For the last decade of the nineteenth century and at least the first two decades of the twentieth, Rudyard Kipling (1865-1936) was one of the most popular writers in the English language, in both prose and verse. He was among the last British poets to command a mass audience, appealing to readers of all social classes and ages. Although his few novels, except Kim , were only a mixed success, in the medium of the short story Kipling extended the range of English fiction in both subject matter and technique and perhaps did more than any other author in the English language to blur the division between popular and high art. Rudyard Kipling: The Books I Leave Behind , an exhibition held in 2007, was the first comprehensive show to be presented anywhere in over fifty years.

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Ketubah, marriage contract, manuscript, ink and paint on paper, 20th of Menahem 5671 [1911 August 14], Bombay, India The ketubah (plural ketubot ) is the standard marriage contract that Jewish law requires a groom to provide for his bride on their wedding day. It is intended to protect the woman, primarily by establishing the man's financial obligations to her in case of divorce or widowhood. In addition to the financial clauses, the text of the ketubah outlines other obligations undertaken by the groom, including traditional conjugal rights such as food, clothing and shelter. The exact date when the ketubah became a central part of the Jewish marriage ceremony remains unknown. It is a rabbinic institution, not a biblical one, and goes back to Talmudic times (70-500 C.E.).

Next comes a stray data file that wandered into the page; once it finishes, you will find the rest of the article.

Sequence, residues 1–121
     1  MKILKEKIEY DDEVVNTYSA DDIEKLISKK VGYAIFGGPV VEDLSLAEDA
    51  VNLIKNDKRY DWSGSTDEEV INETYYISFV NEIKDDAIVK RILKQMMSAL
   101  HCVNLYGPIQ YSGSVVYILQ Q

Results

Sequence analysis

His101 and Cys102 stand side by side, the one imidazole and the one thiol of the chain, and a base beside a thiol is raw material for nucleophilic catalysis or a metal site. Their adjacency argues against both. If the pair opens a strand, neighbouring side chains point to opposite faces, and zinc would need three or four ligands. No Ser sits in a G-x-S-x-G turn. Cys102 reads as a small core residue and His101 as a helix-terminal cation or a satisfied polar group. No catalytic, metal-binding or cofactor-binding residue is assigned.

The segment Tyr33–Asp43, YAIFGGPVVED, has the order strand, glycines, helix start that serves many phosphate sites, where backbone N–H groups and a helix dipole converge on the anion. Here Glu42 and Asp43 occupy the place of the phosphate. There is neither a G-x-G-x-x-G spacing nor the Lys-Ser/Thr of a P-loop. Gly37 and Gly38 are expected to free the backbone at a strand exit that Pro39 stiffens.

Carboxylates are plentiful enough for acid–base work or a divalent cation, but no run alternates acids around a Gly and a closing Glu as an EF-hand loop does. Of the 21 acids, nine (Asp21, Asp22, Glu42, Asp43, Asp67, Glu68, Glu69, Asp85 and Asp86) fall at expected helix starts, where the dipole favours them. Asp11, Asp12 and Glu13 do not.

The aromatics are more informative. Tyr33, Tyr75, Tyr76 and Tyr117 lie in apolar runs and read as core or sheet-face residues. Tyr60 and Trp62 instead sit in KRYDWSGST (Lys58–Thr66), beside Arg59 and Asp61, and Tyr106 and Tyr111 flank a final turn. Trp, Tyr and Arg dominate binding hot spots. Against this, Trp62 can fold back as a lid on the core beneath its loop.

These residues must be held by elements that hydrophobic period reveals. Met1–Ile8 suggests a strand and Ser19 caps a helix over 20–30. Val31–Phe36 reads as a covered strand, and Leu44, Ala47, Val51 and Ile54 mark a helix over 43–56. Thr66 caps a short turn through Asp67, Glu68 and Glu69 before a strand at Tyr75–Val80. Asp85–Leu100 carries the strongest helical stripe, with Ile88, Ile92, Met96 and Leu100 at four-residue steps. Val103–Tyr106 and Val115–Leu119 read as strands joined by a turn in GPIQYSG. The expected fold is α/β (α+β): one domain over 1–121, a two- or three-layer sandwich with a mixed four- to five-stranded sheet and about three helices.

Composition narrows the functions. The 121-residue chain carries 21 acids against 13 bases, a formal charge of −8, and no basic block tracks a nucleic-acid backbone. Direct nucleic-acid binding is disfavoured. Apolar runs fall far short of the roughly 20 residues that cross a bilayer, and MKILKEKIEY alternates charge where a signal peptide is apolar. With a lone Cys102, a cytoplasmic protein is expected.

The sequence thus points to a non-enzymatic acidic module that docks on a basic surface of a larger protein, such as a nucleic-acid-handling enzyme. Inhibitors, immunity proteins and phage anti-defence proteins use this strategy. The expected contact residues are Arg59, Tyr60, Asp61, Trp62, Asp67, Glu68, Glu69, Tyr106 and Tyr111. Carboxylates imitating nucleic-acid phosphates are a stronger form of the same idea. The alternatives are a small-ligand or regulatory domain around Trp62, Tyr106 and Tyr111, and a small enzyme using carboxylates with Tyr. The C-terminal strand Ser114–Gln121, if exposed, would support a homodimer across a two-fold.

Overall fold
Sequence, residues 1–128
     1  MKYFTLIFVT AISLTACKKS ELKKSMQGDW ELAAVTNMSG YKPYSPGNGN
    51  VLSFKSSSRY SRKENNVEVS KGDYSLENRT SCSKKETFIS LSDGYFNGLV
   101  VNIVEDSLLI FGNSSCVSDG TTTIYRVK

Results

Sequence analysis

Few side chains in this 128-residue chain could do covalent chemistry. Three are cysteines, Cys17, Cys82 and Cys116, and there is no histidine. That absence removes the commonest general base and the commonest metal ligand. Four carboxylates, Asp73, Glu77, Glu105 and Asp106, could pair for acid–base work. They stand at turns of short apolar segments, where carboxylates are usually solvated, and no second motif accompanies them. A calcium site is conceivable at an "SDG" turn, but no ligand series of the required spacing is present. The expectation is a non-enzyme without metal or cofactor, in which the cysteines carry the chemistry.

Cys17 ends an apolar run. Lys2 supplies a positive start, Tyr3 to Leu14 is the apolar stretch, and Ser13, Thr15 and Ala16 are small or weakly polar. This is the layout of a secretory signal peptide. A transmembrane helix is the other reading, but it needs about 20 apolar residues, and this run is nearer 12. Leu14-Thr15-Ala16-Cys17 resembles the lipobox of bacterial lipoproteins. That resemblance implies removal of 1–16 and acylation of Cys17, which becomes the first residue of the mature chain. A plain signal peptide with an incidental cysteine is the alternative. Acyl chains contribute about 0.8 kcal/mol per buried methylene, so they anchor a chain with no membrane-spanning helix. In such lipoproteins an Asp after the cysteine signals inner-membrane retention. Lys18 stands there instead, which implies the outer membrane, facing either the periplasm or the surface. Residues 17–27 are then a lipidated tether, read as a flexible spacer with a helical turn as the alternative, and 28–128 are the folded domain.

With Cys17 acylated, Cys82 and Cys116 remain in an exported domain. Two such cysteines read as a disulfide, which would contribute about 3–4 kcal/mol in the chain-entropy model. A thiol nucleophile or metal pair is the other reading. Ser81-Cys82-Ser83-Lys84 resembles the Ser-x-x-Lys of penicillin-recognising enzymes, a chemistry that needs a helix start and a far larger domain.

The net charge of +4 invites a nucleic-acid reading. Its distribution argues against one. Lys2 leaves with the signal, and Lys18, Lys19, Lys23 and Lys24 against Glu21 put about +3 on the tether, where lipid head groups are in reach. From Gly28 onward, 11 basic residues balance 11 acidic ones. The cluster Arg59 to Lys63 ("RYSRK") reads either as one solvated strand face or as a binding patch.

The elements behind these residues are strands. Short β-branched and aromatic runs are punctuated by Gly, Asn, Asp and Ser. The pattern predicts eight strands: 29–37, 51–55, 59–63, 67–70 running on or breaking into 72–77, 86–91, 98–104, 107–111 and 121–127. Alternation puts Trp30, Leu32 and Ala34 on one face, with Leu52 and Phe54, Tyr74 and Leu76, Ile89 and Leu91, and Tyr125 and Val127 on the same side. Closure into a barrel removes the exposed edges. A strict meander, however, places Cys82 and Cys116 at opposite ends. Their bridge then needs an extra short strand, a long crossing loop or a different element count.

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[Autographed letter signed] 1905 July 12, Wyncote, Pennsylvania [from] Ezra Pound These materials may be under copyright. To learn more, contact the Curator, Yale Collection of American Literature. Call Number: YCAL MSS 175 Related Collections Ezra Pound Papers, YCAL MSS 43 William Carlos Williams papers, YCAL MSS 116 H. D. Papers, YCAL MSS 24 Bryher papers, GEN MSS 97

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The Collection Just under 300 engravings, watercolors, and illustrations drawn from books, archival collections, and artwork from the Beinecke Library's Western Americana and General collections. Cite as: Beinecke Rare Book and Manuscript Library, Yale University

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309 reads

Portraits represent various tribal groups, including, among many others, the Apache Indians, Arapaho Indians, Arikara Indians, Bannock Indians, Cherokee Indians, Cheyenne Indians, , Oglala Indians, Ojibwa Indians, Omaha Indians, Oohenonpa Indians, Santee Indians, Seminole Indians, Tohono O’odham Indians, Ute Indians, Wichita Indians, and Yuma Indians. Exterior images consist primarily of informal portraiture, as well as depicting residences and settlements, including the Crow Indian Agency in Montana, 1871; the Pawnee Indian School and buildings at the Pawnee Reserve, Loup Fork, Nebraska, 1871; and a Bannock Indian camp near Fort Hall, Idaho, 1872.